Two suspected Islamist extremists from France have been arrested in Pakistan after meeting with a man accused of ties to al-Qaida, officials said Thursday.
The Frenchmen, who have not been identified publicly, were arrested at a bus stop in the eastern city of Lahore in late January after going there from the airport with a man identified as Tahir Shehzad, a Pakistani intelligence official said.
Information from Shehzad led Pakistani agents to Umar Patek, an Indonesian al-Qaida-linked suspect detained on Jan. 25, the official said. The Frenchmen had intended to travel with Patek to Pakistan's North Waziristan region where al-Qaida's top command is based, he said on condition of anonymity.
It was not immediately clear if the men were suspected of plotting a terror attack, but Western counterterrorism and spy agencies have been intensely monitoring the movements of suspected militants from their countries to Pakistan out of concern they could train there and return home to carry out attacks.
One of the French citizens is of Pakistani origin and the other is a convert to Islam, the Pakistani official said. France is home to Western Europe's largest Muslim population, estimated to be at least 5 million.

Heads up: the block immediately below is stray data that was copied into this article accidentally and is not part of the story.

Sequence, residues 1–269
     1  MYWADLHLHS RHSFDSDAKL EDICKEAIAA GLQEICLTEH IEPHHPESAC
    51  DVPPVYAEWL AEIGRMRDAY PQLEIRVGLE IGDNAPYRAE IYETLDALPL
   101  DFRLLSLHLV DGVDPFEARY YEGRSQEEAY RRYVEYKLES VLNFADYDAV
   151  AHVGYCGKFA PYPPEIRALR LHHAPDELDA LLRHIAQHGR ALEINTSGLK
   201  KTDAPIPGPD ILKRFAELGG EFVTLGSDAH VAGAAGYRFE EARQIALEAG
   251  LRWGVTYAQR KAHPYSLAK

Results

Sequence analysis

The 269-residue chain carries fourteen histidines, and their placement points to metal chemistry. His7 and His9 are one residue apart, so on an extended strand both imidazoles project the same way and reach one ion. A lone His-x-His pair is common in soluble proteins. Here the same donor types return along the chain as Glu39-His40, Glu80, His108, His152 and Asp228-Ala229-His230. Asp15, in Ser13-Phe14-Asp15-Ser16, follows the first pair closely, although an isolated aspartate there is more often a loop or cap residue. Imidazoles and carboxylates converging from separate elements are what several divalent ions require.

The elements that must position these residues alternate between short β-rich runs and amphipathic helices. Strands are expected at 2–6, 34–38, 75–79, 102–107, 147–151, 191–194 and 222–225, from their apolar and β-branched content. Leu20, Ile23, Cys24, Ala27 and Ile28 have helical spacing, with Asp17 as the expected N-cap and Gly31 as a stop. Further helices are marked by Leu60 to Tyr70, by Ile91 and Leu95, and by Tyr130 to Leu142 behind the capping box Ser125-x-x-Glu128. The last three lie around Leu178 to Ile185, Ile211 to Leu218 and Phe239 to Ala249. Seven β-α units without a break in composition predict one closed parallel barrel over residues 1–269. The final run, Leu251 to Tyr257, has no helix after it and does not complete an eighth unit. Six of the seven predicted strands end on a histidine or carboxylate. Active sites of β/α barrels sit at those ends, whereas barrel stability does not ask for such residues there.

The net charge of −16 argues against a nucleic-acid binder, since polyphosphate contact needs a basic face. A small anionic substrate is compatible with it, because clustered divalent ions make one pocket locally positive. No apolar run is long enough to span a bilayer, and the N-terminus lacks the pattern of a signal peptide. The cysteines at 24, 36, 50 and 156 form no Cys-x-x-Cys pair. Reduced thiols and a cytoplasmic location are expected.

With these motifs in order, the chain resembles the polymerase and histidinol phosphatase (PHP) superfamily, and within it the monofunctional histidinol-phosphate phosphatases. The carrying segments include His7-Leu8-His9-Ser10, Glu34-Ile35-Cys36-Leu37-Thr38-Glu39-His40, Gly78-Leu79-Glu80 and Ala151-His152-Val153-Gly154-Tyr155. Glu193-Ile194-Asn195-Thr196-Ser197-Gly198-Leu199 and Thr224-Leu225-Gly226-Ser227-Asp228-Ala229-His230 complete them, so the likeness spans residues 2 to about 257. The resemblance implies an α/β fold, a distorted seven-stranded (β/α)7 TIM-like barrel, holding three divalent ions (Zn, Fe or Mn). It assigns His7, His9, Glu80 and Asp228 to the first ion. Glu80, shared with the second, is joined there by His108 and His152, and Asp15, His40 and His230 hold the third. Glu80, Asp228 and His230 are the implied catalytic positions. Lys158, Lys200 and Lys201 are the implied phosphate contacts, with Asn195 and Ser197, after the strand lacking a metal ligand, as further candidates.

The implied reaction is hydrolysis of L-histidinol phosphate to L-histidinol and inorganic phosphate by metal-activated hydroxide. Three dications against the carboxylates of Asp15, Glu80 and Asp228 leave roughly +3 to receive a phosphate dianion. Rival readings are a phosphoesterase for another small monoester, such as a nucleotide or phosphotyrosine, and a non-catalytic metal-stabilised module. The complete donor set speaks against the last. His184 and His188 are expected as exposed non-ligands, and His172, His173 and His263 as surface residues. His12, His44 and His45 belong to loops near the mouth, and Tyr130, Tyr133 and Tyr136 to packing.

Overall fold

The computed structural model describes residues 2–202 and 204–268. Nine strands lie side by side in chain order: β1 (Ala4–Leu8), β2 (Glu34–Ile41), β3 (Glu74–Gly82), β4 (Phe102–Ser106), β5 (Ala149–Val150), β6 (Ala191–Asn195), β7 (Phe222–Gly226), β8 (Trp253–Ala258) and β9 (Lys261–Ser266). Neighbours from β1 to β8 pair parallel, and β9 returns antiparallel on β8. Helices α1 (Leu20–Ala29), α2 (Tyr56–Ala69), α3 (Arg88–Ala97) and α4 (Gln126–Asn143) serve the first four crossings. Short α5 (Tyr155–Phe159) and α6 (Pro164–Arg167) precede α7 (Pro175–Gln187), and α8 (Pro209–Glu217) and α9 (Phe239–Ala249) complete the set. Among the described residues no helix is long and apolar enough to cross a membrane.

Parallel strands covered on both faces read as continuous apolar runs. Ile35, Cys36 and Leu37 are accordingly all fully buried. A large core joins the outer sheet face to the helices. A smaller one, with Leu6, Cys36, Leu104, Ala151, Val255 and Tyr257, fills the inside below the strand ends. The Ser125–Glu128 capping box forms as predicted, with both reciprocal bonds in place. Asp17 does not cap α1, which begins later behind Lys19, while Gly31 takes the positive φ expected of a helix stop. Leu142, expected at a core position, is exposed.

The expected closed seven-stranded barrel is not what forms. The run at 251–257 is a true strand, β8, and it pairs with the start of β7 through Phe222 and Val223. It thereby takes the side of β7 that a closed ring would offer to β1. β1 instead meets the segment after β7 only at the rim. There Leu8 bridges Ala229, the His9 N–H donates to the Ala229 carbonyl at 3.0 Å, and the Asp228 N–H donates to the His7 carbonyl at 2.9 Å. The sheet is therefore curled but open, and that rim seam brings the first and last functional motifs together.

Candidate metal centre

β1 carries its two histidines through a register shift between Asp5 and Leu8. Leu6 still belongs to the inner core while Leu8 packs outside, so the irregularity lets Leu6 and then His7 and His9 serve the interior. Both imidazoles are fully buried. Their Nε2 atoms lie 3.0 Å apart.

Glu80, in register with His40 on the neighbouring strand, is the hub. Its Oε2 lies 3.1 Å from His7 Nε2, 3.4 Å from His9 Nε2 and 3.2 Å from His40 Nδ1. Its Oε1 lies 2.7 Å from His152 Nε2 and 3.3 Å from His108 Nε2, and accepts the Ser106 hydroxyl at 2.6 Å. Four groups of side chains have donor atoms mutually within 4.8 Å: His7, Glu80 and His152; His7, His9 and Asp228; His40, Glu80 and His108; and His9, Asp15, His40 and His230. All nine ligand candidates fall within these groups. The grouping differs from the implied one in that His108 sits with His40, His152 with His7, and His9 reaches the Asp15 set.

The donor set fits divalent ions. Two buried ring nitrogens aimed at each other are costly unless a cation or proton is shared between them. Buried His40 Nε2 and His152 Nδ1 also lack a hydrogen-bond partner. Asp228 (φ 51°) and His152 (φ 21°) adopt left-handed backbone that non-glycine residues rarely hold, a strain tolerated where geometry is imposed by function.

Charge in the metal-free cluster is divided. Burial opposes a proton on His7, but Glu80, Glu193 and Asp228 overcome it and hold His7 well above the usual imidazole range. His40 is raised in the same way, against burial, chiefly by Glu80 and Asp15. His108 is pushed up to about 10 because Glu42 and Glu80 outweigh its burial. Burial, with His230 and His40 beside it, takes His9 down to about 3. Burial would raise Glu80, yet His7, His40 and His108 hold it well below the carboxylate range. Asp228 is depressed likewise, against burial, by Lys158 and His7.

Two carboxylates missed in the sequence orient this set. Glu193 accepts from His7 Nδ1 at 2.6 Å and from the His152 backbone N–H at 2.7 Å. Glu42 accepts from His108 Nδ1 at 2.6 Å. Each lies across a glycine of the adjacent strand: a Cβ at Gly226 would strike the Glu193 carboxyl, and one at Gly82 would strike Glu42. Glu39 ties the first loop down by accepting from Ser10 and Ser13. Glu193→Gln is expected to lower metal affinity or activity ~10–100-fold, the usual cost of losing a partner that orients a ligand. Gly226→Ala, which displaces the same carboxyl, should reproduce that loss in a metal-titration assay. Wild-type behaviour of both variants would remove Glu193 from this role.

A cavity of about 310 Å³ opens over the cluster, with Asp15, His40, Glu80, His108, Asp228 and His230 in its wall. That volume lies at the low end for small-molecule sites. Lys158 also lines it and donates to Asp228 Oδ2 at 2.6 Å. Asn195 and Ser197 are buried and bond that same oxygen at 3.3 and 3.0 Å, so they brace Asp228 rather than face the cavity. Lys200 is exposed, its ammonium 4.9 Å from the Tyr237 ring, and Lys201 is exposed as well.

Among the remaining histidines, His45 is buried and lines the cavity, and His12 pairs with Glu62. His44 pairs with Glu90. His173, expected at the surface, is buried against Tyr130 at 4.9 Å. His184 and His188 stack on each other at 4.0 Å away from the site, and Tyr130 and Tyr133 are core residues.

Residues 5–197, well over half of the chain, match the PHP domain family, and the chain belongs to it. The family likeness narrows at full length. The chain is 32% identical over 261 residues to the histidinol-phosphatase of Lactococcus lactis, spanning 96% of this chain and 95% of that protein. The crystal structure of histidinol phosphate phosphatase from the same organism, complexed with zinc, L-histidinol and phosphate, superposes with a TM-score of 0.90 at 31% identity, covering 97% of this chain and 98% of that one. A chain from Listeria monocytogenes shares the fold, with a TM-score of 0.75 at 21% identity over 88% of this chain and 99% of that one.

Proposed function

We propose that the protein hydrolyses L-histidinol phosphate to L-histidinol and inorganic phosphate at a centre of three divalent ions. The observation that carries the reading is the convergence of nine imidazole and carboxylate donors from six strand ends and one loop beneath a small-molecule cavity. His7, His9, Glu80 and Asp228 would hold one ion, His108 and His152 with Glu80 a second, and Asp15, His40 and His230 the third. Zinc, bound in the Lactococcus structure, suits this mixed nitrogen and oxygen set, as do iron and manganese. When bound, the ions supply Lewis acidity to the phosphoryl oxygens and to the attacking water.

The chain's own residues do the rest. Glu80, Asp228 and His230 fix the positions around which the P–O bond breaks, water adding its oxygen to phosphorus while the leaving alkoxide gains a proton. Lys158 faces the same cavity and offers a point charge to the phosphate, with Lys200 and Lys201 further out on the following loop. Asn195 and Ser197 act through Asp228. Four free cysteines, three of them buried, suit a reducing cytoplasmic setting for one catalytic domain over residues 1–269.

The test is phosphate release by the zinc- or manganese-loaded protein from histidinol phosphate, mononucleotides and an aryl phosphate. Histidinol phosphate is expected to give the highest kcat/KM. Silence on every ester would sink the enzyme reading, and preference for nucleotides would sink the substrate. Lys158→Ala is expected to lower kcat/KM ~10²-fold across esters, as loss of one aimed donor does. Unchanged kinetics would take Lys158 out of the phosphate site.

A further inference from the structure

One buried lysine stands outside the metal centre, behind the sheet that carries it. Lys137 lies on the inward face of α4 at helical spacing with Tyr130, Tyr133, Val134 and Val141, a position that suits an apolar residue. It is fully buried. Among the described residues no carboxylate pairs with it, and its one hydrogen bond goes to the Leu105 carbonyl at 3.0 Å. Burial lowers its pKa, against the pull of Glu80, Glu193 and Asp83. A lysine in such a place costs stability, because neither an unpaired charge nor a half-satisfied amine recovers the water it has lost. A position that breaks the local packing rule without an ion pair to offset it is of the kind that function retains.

A French counterterrorism official confirmed the arrests on condition of anonymity because of the sensitivity of the case. France's main spy agency, DGSE, and the Foreign Ministry declined immediate comment.
The French men are still in custody, the Pakistani official said. Pakistani intelligence agencies often hold people for months without trial, without ever formally confirming their detention or charging them.
The two French citizens appear to have been traveling to Pakistan to meet with an al-Qaida facilitator with the goal of going to Pakistan's federally administered tribal areas for terrorist training, according to a U.S. official, who spoke on condition of anonymity to discuss matters of intelligence.
The French official said he would be "surprised" if either had links to Patek, however. His capture, which U.S. officials say involved cooperation by the CIA, capped a 10-year manhunt and amounted to a major achievement in the fight against al-Qaida in recent years.
French officials say they believe no more than 20 to 30 militants from France are in the border areas between Pakistan and Afghanistan, where al-Qaida and its allies in the Afghan former Taliban regime have operations.
French officials have expressed concern that the border zone has become a new lure for Islamic militants in France who once were drawn to Iraq to fight against U.S.-led forces who toppled Saddam Hussein _ but now may be looking for anti-Western battlegrounds elsewhere.
Asif Shahzad contributed from Islamabad, Pakistan. Kimberly Dozier in Washington contributed to this report.